The relationships between children's sucking habits and the impact on the development of their oral anatomy and functioning have been described in the literature. Agurto et al studied 1,110 Chilean children between the ages of 3 to 6 years of age. They reported bad oral habits were associated with development of dentomaxilar anomalies [2]. Linder and Modeer studied 76 four year old children to investigate the relationship between sucking habits (dummy or fingers) and dental characteristics in children with unilateral cross bite. The results indicated that duration and intensity of sucking habits may adversely influence dental characteristics by reducing the transverse width of the maxillary arch [3].

Duncan et al studied a cohort of 867 children using a family questionnaire on sucking habits at 15, 24, and 36 months of age and a dental examination at 31, 43, and 61 months of age. The results indicated that at 15 months, 63% of children had a sucking habit, 38% used just a dummy and 23% used a digit. By 36 months, sucking had reduced to 40% with similar prevalence of dummy and digit sucking. Both habits had effects on developing dentition, most notably on upper labial segment alignment and the development of anterior open bites and posterior cross bites [4]. In one study [5] involving 108 children, a significant association between children who were bottle fed and presence of anteroposterior malocclusion was reported. Breastfeeding was also found to decrease the risk of getting this type of malocclusion. The investigators noted that when bottle feeding occurs, only the buccinator muscles and the orbicular muscle(s) of the mouth are exerted without stimulating other muscles. They concluded sucking only during breastfeeding promotes correct muscle activity, and thus proper development of the oral motor structures [5].

Broad performed a study in 1972 in Putaruru, New Zealand that examined the effects of infant feeding on speech quality [6]. Broad investigated clarity of articulation, tonal quality, confidence, and reading ability in 5 and 6 year old children. There was a significant association between clarity of speech and breastfed males but not females, and breastfeeding was associated with improved tonal quality and reading ability of both males and females [6]. Breastfeeding has been found to be beneficial in other studies of linguistic and cognitive development [7]. The development of coordinated breathing, chewing, swallowing and speech articulation has also been shown to be associated with breastfeeding. It is believed that breastfeeding promotes mobility, strength, and posture of the speech organs. Such speech organs include: lips, tongue, maxilla, mandible, cheeks, soft palate, hard palate, dental arch, floor of mouth, and more. In order for speech development to occur, the child must suck with consistent rhythm and strength. Movements while sucking can cause absorption of the sucking pads and growth of the mandible. As a result, the intra-oral space increases [1]. Moreover, studies have shown that breastfeeding protects normal dentition [8-10].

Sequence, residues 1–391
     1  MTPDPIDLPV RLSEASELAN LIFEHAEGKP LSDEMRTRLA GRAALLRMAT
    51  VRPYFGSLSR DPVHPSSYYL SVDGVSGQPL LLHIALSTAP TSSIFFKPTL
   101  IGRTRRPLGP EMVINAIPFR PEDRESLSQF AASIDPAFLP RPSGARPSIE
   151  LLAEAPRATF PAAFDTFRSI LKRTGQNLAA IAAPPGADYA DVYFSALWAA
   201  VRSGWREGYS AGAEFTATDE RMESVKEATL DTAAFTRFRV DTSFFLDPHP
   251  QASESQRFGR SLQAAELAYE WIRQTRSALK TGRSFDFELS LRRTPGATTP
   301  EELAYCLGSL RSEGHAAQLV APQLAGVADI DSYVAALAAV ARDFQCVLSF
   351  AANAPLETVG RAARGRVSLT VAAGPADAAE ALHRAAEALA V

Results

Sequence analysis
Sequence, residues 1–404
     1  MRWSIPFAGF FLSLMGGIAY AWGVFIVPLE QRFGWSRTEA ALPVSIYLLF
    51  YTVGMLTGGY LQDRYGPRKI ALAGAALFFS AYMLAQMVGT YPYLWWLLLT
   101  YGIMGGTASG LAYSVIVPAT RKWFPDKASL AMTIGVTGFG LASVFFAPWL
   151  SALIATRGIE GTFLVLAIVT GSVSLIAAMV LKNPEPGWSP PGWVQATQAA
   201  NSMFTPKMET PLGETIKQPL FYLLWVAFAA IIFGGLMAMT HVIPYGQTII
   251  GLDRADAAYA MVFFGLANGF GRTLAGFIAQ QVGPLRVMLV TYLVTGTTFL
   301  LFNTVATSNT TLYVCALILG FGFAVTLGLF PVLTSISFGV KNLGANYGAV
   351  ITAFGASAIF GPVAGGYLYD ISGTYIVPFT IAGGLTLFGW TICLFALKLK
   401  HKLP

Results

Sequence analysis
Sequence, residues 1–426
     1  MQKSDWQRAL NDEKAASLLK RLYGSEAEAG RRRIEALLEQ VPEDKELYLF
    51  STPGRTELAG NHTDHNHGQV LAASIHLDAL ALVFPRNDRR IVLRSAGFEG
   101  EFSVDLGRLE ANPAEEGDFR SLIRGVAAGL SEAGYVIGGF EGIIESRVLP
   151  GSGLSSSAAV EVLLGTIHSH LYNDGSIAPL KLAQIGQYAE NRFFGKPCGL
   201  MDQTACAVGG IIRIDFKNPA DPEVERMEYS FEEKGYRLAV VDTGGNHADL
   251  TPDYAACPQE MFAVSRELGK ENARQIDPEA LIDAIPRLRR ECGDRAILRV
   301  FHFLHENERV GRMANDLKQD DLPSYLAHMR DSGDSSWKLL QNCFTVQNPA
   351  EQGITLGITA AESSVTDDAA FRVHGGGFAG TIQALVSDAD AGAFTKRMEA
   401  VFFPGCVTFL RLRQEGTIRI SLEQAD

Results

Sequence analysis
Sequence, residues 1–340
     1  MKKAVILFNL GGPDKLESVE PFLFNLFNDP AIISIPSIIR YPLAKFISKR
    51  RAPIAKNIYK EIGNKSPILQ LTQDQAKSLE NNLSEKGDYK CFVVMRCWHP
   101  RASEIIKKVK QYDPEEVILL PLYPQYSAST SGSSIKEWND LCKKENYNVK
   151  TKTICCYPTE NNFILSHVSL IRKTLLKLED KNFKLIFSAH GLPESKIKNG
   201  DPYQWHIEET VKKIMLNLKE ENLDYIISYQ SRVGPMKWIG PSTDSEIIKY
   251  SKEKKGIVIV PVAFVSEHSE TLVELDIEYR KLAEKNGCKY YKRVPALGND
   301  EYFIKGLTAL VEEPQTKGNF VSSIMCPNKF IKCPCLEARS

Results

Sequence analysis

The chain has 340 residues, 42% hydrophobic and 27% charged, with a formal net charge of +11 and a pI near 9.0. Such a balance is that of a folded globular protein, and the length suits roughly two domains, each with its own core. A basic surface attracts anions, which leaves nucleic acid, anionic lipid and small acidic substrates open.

Fox et al in their study of German children with speech-disorders reported a significantly higher incidence of bottle and pacifier use compared to normal children [11]. Children of industrialized western countries are more likely to use pacifiers and to feed using a bottle than children in developing countries. Over the last few decades, use of bottles and pacifiers has increased approximately 75% to 79% in the West [12-14]. In non-industrialized countries such as Tanzania and Zimbabwe, pacifier use and finger sucking are less common or non-existent [14]. This has also been found in families with lower social economic status. A study conducted in Santiago, Chile by Olguin and Quintana reported 28% of breastfed and 52% of non-breastfed children used pacifiers [15]. They also found that mothers (88% of the time) were more likely to use of pacifiers without a specific reason for their use [15]. It is reasonable to conclude that whether a child is breast or bottle fed depends on both cultural and economic factors.